Iain Cameron's Diary
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2004-01-31 - 12:19 p.m.

I went to Swindon to a Research Council brainstorm – there and back listening to Desertshore. Gradually I remembered why I had gone to such lengths to get the CD.

After the Marble Index, Elektra dropped Nico and Joe Boyd offered a record deal via Warners if Cale would produce. The recording was done partly in New York and then Cale came to London to work some more on it with Joe Boyd and through him with John Wood. The three seemed to get on well and it was during the Desertshore project that Fly and Northern Sky got done. So Desertshore shows very clearly what else was on the Boyd-Cale-Wood agenda when those bits of Bryter Later were undertaken.

Marble Index is more experimental than Desertshore – which is not say that DS is a conservative album – to me it sounds as if it might have been recorded last week. MI is clearly further out and (in strictly personal terms) MI was one of the references that I could bring to mind for the territory Gilbert and I found ourselves in doing 10 Short Stories.

Looking in the Drake oeuvre for the song which is most like DS, I would chose Clothes of Sand – related modes, moods and romantic references. One might also throw a glance in the direction of Strange Meeting II – particularly as interpreted by Tony Reif. DS looks forward to Pink Moon as well in a number of ways.

Nico brought a vast range of association with her to DS – Derrida, Fellini,Dylan, Jackson Browne, Hendrix, Belmondo, Warhol, Brian Jones, Jim Morrison. When linked with Cale’s network which includes Lamont Young, Cage, the Stooges, Terry Riley, Lou Reed. While in London Cale was working on a Fluxus project – the art movement that included Yoko Ono and hanging out with Marianne Faithful. This heritage is more finely focussed on DS than on Nico’s earlier album.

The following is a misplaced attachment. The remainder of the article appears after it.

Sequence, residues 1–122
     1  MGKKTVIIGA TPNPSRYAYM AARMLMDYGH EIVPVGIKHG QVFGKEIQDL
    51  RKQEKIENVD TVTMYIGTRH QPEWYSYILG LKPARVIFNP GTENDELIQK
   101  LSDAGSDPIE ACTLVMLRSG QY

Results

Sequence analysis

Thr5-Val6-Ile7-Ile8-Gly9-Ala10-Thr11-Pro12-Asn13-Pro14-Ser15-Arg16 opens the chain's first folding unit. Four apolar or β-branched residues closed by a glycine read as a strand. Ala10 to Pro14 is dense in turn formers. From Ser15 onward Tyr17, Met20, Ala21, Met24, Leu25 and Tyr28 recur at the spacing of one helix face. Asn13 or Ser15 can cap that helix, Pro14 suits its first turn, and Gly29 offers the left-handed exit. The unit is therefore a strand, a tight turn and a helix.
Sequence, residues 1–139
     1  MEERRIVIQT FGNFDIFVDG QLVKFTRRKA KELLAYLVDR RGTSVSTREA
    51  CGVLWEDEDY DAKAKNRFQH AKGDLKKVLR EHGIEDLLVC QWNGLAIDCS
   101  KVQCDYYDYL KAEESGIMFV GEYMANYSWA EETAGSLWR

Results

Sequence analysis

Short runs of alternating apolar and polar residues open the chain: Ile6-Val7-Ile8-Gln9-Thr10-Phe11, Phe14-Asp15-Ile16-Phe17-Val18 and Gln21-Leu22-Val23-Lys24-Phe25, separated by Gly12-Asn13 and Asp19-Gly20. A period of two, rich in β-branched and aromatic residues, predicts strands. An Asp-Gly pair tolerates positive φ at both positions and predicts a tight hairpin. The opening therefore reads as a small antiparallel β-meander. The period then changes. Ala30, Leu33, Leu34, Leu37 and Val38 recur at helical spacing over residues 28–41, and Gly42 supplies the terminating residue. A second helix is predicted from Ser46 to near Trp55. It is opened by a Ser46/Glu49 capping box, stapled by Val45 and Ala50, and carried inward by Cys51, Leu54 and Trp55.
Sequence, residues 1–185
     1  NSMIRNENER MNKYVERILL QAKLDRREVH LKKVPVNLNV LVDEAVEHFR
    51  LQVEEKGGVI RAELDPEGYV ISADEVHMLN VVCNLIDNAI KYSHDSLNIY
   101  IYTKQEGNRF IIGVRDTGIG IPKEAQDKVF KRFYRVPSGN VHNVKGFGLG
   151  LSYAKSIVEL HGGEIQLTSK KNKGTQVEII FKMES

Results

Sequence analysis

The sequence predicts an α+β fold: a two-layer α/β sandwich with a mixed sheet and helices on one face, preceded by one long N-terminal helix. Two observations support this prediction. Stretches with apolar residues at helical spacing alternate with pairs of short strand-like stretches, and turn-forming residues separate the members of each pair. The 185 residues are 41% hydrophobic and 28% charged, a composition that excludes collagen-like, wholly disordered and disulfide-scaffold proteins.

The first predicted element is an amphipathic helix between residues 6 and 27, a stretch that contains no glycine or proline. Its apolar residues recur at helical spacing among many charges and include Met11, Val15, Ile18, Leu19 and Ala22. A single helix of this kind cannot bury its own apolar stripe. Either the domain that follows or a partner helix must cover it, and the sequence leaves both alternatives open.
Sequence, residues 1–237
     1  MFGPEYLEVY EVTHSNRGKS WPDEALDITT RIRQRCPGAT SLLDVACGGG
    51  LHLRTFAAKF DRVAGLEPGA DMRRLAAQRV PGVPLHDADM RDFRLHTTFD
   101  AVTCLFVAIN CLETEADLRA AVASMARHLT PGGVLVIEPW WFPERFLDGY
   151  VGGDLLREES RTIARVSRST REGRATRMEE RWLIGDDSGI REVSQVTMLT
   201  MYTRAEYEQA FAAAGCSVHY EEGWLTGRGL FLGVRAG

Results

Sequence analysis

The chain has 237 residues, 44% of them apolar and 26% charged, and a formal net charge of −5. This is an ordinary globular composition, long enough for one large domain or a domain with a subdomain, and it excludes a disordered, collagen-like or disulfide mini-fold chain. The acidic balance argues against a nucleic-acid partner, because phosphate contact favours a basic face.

Joe Boyd himself had been involved in the emergence of the San Francisco hippie scene, particularly the late 1965 Mime Troupe event where Grateful Dead played alongside the legendary John Handy band whose post Mingus modal approach is believed to have influenced the first King Crimson album.

In many ways, this 1970 confluence is unique. Boyd shortly moved back to LA taking Cale with him and both joining Warner Brothers. Of course Wood and Drake went on to create Pink Moon as a masterwork. However this 1970 collaboration is before the early 70s begin to take their toll on various ways on the various parties.

Its worth looking at Cale’s evolving relationship to song as an arena of creative endeavour. Initially Cale worked in NYC on experimental sound forms. When he met Reed the 1965 demo tapes from Ludlow Street on the Lower East Side show a very folky approach to instrumentation and arrangement. Of course, VU carved their place in history by linking Reed’s reportage with Cale’s sonic radicalism.

Emerging from VU, Cale seems to be moving back towards song form – towards his first major achievement as a songwriter, Paris 1919, recorded in LA with the help of Little Feat. The Marble Index is more “experimental” than Desertshore – in simple terms MI is more about texture, less about rhythm, more like a Cageian experiment, less like Bryter Later.

The closest specific point of contact between DS and BL seems to be Afraid/Fly – both have a viola accompaniment and a scalar descent in the bass from the tonic. A lot more may be said by way of comparison, not least in the way that on Fly the viola part is more experimental. I have been playing with the thought of how this nexus might be extended both back and forwards. Going back I end up with Sunday Morning and Saturday Sun (maybe Jackson Browne’s These Days) and forward with From the Morning and something from the 1992 live Cale album, I’m not quite sure what. This lineage is about song structure, theme and the deployment of instruments.

However there is however a more novel carry-over. On DS Cale/Wood/Boyd create a soundworld which is also to my ears there on Northern Sky. Nico’s work on DS is incredibly intimate – especially where her work involves her son. The production manages to reflect this in an intimate warmth and enclosure of sound – and it is this, I suspect, that makes Northern Sky such a strong favourite amongst many Drake fans.

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